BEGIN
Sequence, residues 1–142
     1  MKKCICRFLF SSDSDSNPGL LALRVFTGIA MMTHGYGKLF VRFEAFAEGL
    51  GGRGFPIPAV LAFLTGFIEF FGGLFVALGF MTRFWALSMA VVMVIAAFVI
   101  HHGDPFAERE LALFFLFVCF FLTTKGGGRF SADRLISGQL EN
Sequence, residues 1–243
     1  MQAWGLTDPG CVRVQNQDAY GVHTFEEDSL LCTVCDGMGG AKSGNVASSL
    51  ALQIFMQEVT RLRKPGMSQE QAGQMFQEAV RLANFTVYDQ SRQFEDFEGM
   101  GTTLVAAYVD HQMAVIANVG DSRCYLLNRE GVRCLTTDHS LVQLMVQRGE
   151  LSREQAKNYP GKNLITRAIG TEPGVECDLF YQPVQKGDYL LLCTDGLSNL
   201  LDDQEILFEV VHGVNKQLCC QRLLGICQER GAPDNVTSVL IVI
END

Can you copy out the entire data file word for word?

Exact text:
Sequence, residues 1–142
     1  MKKCICRFLF SSDSDSNPGL LALRVFTGIA MMTHGYGKLF VRFEAFAEGL
    51  GGRGFPIPAV LAFLTGFIEF FGGLFVALGF MTRFWALSMA VVMVIAAFVI
   101  HHGDPFAERE LALFFLFVCF FLTTKGGGRF SADRLISGQL EN
Sequence, residues 1–243
     1  MQAWGLTDPG CVRVQNQDAY GVHTFEEDSL LCTVCDGMGG AKSGNVASSL
    51  ALQIFMQEVT RLRKPGMSQE QAGQMFQEAV RLANFTVYDQ SRQFEDFEGM
   101  GTTLVAAYVD HQMAVIANVG DSRCYLLNRE GVRCLTTDHS LVQLMVQRGE
   151  LSREQAKNYP GKNLITRAIG TEPGVECDLF YQPVQKGDYL LLCTDGLSNL
   201  LDDQEILFEV VHGVNKQLCC QRLLGICQER GAPDNVTSVL IVI